Control for Summer Annual Weeds in Lawn & Turf
Summer weeds are getting ready to get going in your lawn, so its time to head them off at the pass with preemergent weed control before they can even get started. The old adage “An ounce of prevention is worth a pound of cure” applies to weeds as well so, the best time to control them is before they come up with preemergent. The winter annuals like deadnettle, chickweed, cress and henbit that are up now can be treated with post emergent herbicides at this point, but last fall was the best time to deal with them.
Preemergent herbicides offer a great option for certain annual grass and broadleaf weed control in warm- and cool-season turf. A Preemergent is activated in the top layer of soil, where the weed seeds sprout and then grow through the herbicide-treated barrier or zone. The herbicide is absorbed by emerging shoots and/or roots, then disrupts the plant’s vital processes. This keeps the plant from developing and results in death of susceptible plant, breaking the cycle of constant reseeding of new weeds. Usually, the chemical is activated by applying water at the correct time, in the correct amount. It can remain effective in the soil for several weeks up to several months, depending on the ingredient used and the concentration of it. Keep that effective-chemistry timeline in mind when re-seeding preferred grass seed. Read the herbicide label carefully to make sure you do kill the unwanted weed shoot but don’t kill the grass plant you want to grow.
As with any product it makes sense to understand how it gets the job done. In this case: how the herbicide affects the plants tissues or cells to create enough system failure and injury that the weed plant dies. This is the herbicide’s mode of action. Herbicides, insecticides, fungicides, etc.. are grouped according to mode of action – how the product gets the job done. This is very useful information when planning an herbicide rotation schedule to prevent resistance and to avoid experiencing undesired side effects of a particular mode of action. With preemergent herbicides, application timing, application coverage, and single versus split applications will impact the results obtained from the herbicide you apply.
Preemergent herbicides are typically applied late winter for control of many summer annual weeds, Application timing is critical with these products to obtain desired results. The temperature of the soil as it starts to warm up in the spring is going to be the primary indicator of the pending arrival of various weed species. For example, smooth and large crabgrass germinate when 24 hour mean soil temperatures (four inch depth) reach 55 degrees F. Goosegrass germinates when 24 hour mean soil temperatures reach 60 degrees F. Since these herbicides control susceptible species as they grow through the herbicide treated zone, the herbicide barrier must be in place before the weed seeds germinate. In most areas in NC, this occurs in mid- to late-March so products need to be applied late February, early March.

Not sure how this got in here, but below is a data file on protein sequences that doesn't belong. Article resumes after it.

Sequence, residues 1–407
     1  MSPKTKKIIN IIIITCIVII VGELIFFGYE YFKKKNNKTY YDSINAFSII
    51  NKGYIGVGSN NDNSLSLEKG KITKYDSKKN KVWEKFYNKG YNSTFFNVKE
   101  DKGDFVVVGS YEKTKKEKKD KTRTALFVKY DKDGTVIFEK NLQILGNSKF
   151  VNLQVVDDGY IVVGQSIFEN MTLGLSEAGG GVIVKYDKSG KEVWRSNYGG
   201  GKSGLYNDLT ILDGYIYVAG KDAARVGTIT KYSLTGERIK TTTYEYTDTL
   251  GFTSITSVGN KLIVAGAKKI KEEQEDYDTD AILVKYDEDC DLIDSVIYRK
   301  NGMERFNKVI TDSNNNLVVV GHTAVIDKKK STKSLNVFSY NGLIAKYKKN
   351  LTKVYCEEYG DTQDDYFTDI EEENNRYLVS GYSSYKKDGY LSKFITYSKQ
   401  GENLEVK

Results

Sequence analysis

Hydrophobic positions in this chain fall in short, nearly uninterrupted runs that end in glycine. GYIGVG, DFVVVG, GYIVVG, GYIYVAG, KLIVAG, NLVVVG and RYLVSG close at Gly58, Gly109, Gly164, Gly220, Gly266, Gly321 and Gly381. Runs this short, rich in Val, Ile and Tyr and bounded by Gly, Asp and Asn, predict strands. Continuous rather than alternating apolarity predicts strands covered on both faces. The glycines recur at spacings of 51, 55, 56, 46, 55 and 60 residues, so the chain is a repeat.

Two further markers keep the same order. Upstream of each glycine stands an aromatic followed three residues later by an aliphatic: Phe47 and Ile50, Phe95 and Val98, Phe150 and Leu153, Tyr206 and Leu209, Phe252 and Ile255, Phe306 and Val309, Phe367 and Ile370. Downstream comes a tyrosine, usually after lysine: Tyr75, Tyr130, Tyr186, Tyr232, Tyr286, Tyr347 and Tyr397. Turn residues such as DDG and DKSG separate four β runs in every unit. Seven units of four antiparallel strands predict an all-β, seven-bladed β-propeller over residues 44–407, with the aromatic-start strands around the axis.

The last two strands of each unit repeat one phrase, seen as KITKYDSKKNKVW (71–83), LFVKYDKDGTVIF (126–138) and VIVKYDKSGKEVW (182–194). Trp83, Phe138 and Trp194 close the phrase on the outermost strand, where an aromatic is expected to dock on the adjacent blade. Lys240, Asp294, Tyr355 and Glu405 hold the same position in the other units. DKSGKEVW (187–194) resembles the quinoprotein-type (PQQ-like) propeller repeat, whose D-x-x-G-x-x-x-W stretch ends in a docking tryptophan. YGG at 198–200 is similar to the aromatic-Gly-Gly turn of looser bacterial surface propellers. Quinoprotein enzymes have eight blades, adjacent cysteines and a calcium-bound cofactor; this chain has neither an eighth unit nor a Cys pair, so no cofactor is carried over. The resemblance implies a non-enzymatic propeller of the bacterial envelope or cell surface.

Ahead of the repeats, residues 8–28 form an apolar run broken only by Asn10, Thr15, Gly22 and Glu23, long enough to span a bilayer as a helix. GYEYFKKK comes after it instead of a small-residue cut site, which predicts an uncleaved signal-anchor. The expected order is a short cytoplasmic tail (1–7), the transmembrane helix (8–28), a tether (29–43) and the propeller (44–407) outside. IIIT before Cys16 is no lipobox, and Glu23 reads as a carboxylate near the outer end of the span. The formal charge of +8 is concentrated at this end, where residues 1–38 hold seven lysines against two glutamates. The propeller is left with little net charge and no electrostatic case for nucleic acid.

Common preemergent herbicides labeled for use in turfgrass areas include benefin, dithiopyr, oxadiazon, oryzalin, pendimethalin, prodiamine, and trifluralin (these are common names and are often sold under various trade names). Because weed species absorb the herbicide as it grows through the treated zone, uniform application coverage is imperative for acceptable weed control. No holes in the herbicide’s blanket of coverage, please.
Although an herbicide product may be an excellent one, we are working with a living, dynamic environment under changing conditions. Weeds are vigorous rivals against our grass plants and no herbicide is perfect all the time. The ideal status of a healthy, thick and strong turf requires a management plan for out competing the weeds. Turfgrass managers must make timely herbicide applications, select the proper herbicide, and always read and follow product label instructions.
For more information on how to identify the grass plants you have control weeds for your particular lawn review the following turf management guides at http://www.turffiles.ncsu.edu:
Minda Daughtry is Horticulture Agent for North Carolina Cooperative Extension in Lee County.